Edition International Media Studies | 7
"Standards of Journalism Education
An International Comparative Study in the Context of Media and Development"
Christoph Schmidt (Ed.)
Christoph Schmidt, Eira Martens-Edwards, Joana Cidade, Maryann Egbujor, Ahm Abdul Hai, Inas Abou-Youssef et.al Availabe via Vistas Verlag publishing house
Training and educating journalists worldwide with an aim to promote free and independent media has for decades been a major aspect of media development cooperation. However, academic research in this area remains limited, especially as it relates to the status quo of journalism education in developing countries. The academic research project on International Journalism Education Standards (IJES) was initiated by DW Akademie's International Media Studies program with a goal to help close this gap. The new publication offers the research results of the IJES' comparative study on the standards of journalism education in four developing countries: Colombia, Kenya, Myanmar and Egypt.
Strengthening journalism training and education systems with the aim of enhancing free and independent media is a major field of activity of media development cooperation. This has been the case for many decades. Thus the lack of research regarding journalism education in developing countries is astounding. The existing research in this field can be described as focusing on certain industrialized countries – neither delivering much insight about regional differences nor the countries of the South.
The counterbalancing of Western perspectives through research in developing countries however, is much needed in a field like the development cooperation in order to assess outcomes and adjust strategies.
The academic research project on International Journalism Education Standards (IJES) was initiated by Deutsche Welle Akademie's International Media Studies program with the goal to fill part of the described research gaps in the field of international journalism education.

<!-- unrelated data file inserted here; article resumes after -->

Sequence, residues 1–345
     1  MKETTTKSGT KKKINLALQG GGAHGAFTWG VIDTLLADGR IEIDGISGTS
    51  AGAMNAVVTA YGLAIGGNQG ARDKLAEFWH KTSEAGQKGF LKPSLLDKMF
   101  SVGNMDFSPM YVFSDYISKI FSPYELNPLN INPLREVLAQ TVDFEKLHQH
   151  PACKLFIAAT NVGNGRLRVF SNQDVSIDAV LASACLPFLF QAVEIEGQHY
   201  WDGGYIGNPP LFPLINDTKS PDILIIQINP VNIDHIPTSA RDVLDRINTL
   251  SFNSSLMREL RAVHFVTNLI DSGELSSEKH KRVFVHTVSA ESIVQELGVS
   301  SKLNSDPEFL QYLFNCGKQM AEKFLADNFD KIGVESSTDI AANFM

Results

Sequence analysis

Its approach is a comparative study of four developing countries in different world regions: Colombia for Latin America, Kenya for Subsaharan Africa, Myanmar for Asia and Egypt for the Middle East. The decision for a comparative approach has been rewarded, since it has allowed the identification of some general tendencies in journalism education – such as a clear trend towards university-level education of journalists, for example.
Furthermore, the IJES study is interdisciplinary, connecting diverse fields like educational sciences, development studies and international media systems with the area of media and communication sciences.
The research in the countries has been conducted by researchers of the International Media Studies Master's Program, and in the case of Egypt, by a group of fellow researchers including professors and teaching assistants from the country itself.
To all of them, I would like to extend my gratitude for investing their time and passion into this research project. I would also like to thank all of the experts who shared there knowledge with us through interviews.
Bonn, March 2015